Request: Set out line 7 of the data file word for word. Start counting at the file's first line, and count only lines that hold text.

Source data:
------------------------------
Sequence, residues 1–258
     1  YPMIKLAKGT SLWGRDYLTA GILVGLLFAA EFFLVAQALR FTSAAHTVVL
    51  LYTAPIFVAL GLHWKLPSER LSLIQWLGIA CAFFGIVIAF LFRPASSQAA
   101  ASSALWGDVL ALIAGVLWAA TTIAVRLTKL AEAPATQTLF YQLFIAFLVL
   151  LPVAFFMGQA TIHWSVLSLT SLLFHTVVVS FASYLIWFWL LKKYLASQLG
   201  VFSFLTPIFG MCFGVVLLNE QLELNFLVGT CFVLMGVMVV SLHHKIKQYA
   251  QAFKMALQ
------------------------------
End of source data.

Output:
   251  QAFKMALQ